New Military Electronic Health Care Records Program Still on Track

Communication Airman, Staff Sgt. Samuel Camarista and Maj. Brett Ringger work together to ensure the electronic health care records systems are running during ARCTIC CARE 2017 between Kodiak Area Native Association and military IT systems to better support medical providers before seeing patients in Port Lions, Alaska, on March 29, 2017. (U.S. Air Force photo by Tech. Sgt. Wendy Day)
Communication Airman, Staff Sgt. Samuel Camarista and Maj. Brett Ringger work together to ensure the electronic health care records systems are running during ARCTIC CARE 2017 between Kodiak Area Native Association and military IT systems to better support medical providers before seeing patients in Port Lions, Alaska, on March 29, 2017. (U.S. Air Force photo by Tech. Sgt. Wendy Day)

The Defense Department's new electronic health records system is on track to roll out at every military hospital by 2022 despite ongoing startup problems faced by pilot program users, a Pentagon official told Senators at an April 26 hearing.

"We have successfully deployed to our four initial sites and we received a great deal of feedback and lessons learned," said Stacy Cummings, who leads the rollout program for the Defense Healthcare Management System. "We are on track to fully deploy by 2022."

Cummings testified before the Senate Appropriations subcommittee on defense.

The new medical records management program, known as "MHS Genesis," was first rolled out starting in February 2017 to four hospitals in the Pacific Northwest, including Madigan Army Medical Center at Joint Base Lewis-McChord, Washington, one of the Army's major trauma treatment centers.

But medical staff submitted over 7,000 "trouble tickets" to Cummings' team after the launch, she said. Sen. Patty Murray, a Washington Democrat, said problems included the system incorrectly processing prescription drugs, and such a slow login process that doctors "couldn't even open the program in a timely manner."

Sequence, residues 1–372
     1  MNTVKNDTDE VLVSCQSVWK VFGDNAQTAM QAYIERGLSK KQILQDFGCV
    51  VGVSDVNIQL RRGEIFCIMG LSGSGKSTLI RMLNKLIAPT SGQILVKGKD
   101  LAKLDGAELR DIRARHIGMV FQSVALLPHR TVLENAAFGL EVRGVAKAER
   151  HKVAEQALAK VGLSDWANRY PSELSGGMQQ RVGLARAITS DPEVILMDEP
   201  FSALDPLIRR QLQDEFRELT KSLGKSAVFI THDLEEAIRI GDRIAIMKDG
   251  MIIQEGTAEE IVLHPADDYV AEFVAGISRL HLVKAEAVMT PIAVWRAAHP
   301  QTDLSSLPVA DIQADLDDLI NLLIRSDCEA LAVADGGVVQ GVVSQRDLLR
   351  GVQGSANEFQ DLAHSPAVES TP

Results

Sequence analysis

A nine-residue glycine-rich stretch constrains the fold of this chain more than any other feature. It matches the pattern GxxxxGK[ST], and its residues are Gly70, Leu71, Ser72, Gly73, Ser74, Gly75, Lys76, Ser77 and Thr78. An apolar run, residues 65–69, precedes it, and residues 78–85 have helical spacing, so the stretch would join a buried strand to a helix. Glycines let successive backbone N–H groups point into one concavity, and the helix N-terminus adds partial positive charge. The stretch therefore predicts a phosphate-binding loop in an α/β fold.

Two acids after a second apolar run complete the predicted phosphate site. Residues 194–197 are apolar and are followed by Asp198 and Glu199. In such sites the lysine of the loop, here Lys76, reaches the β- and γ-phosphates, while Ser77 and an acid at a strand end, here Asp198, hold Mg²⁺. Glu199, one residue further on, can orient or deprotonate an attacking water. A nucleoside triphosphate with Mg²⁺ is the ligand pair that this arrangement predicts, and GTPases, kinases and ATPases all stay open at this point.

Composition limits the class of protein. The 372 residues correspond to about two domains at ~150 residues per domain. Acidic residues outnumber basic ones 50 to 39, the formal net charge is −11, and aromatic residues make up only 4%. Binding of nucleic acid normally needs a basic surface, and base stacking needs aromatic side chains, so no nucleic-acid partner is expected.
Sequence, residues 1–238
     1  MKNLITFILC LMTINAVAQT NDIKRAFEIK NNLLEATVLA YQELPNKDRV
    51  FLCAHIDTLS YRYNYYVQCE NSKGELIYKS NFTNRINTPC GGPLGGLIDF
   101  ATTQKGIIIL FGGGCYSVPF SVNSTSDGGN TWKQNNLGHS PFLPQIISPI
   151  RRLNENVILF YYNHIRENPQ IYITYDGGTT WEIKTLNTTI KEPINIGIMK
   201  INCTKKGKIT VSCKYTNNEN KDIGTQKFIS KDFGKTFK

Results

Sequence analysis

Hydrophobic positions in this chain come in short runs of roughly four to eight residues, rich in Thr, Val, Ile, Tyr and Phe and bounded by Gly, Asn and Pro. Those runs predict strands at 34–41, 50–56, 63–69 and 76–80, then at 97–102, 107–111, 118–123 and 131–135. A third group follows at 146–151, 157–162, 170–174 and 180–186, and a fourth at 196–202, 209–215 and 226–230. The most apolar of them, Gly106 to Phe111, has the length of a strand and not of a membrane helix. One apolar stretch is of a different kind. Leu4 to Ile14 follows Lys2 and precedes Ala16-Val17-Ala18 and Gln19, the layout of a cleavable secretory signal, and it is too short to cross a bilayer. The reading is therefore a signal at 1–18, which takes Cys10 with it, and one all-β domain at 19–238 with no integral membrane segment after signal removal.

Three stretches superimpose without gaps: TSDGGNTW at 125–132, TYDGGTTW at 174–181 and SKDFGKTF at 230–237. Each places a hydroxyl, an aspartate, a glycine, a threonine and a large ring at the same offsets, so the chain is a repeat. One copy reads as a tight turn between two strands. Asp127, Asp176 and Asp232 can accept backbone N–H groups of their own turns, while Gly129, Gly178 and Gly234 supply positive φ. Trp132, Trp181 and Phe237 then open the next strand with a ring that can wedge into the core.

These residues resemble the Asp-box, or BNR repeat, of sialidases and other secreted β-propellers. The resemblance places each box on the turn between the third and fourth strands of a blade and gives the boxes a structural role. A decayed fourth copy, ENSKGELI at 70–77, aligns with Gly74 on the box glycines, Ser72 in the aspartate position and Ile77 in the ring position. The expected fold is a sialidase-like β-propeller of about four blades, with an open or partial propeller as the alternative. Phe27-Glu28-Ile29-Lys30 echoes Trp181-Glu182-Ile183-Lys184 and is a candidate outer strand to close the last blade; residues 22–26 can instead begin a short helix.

"In your testimony you sounded very positive ... but I just want to emphasize this isn't just normal IT problems. Patients' lives and safety are at stake here," Murray told Cummings during the hearing. "I don't want everyone to think this is happy-dappy-rosy, because there's a lot of issues that need to be addressed."

Cummings said her team has resolved 1,000 of the 7,000 complaints and has split the remaining issues into two categories: problems that need to be addressed within how the system is designed, and training issues.

Cummings said her team also made a system change this week that "significantly is bringing down the time to log in," she said.

"We recognized that log-in time was huge problem," she said.

Cummings said MHS Genesis will next be implemented at more West Coast hospitals starting in 2019, but did not give details on specific locations.

-- Amy Bushatz can be reached at amy.bushatz@military.com.

Show Full Article